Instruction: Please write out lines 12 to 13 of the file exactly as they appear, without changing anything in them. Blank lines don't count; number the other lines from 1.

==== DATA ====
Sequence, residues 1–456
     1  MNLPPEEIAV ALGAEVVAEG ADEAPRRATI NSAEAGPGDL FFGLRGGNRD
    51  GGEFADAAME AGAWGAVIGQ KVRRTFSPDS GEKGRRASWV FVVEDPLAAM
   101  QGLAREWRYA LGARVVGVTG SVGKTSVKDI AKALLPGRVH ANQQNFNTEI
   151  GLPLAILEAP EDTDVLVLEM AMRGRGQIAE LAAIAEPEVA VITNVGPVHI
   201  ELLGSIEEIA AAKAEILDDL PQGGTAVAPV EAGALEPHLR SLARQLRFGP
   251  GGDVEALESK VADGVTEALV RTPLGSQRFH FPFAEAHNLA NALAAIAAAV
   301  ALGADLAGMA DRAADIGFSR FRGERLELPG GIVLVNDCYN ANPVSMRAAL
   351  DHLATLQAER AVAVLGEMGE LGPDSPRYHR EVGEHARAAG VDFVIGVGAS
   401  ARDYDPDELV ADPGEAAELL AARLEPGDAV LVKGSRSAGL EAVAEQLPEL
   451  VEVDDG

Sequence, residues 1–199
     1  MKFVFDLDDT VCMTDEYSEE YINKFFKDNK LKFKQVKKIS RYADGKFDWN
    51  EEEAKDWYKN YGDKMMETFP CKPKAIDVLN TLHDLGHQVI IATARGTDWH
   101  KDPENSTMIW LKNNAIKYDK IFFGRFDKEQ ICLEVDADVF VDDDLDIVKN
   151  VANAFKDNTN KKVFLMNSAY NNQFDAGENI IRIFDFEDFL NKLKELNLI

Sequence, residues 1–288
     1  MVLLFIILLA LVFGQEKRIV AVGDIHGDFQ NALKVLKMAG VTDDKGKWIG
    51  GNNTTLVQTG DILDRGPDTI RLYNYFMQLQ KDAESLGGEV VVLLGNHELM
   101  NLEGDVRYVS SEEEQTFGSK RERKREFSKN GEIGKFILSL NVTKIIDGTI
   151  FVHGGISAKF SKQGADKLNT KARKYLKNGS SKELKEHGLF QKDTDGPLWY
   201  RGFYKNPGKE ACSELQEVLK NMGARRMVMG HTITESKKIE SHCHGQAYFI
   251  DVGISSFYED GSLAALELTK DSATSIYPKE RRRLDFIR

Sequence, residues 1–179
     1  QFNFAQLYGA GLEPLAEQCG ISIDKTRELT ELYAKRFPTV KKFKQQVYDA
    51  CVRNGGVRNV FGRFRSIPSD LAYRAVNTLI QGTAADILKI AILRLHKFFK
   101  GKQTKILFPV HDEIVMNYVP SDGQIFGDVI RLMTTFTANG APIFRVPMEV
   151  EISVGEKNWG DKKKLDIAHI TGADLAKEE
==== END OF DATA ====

Sequence, residues 1–199
     1  MKFVFDLDDT VCMTDEYSEE YINKFFKDNK LKFKQVKKIS RYADGKFDWN